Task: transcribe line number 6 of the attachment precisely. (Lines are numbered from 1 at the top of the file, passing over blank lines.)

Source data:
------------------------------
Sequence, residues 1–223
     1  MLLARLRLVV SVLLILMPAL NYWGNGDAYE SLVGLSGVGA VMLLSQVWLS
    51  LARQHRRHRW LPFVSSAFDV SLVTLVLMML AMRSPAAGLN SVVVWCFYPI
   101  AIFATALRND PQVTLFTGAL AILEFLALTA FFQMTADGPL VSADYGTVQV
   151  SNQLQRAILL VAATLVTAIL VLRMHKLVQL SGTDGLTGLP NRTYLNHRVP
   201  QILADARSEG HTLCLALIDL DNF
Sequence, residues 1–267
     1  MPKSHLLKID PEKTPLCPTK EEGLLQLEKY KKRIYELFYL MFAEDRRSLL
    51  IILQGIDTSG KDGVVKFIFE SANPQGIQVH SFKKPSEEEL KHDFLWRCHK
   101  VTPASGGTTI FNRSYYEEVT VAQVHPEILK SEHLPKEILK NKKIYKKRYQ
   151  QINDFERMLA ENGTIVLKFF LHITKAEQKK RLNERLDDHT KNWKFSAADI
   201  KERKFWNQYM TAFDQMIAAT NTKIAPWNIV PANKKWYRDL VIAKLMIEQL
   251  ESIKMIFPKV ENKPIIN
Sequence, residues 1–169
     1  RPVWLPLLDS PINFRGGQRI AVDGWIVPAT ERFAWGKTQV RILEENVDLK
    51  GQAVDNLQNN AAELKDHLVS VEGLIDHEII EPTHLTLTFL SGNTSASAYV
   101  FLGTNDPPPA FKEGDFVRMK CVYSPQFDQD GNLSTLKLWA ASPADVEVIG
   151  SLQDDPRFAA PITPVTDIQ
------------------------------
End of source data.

   201  QILADARSEG HTLCLALIDL DNF